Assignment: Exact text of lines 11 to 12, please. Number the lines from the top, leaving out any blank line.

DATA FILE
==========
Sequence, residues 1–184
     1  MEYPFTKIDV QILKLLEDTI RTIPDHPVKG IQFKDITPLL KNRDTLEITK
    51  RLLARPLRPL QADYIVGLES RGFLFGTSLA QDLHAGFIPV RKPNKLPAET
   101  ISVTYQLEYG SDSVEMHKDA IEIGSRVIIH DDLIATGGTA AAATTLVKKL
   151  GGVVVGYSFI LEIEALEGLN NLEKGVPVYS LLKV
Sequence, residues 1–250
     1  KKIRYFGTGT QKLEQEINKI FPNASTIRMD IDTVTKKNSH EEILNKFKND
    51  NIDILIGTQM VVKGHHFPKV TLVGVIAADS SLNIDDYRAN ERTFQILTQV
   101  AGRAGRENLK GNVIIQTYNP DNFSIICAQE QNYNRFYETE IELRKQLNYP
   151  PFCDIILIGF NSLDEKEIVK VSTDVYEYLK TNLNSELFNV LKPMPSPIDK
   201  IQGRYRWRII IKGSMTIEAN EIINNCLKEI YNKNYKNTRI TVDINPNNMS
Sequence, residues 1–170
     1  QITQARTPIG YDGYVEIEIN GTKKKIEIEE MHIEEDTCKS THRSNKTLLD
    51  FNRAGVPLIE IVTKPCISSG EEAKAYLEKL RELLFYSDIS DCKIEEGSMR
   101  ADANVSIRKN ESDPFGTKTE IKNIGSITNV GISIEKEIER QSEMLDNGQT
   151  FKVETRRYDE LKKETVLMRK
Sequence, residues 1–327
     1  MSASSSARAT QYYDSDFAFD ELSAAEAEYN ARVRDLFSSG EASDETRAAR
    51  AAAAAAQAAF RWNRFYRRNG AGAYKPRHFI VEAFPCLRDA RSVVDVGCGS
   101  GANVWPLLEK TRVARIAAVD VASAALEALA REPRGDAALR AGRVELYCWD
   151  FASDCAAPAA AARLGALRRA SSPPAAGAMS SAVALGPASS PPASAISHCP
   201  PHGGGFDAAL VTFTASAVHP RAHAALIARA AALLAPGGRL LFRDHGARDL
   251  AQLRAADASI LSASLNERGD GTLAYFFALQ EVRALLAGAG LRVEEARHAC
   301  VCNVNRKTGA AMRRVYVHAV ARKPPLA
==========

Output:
   201  IQGRYRWRII IKGSMTIEAN EIINNCLKEI YNKNYKNTRI TVDINPNNMS
Sequence, residues 1–170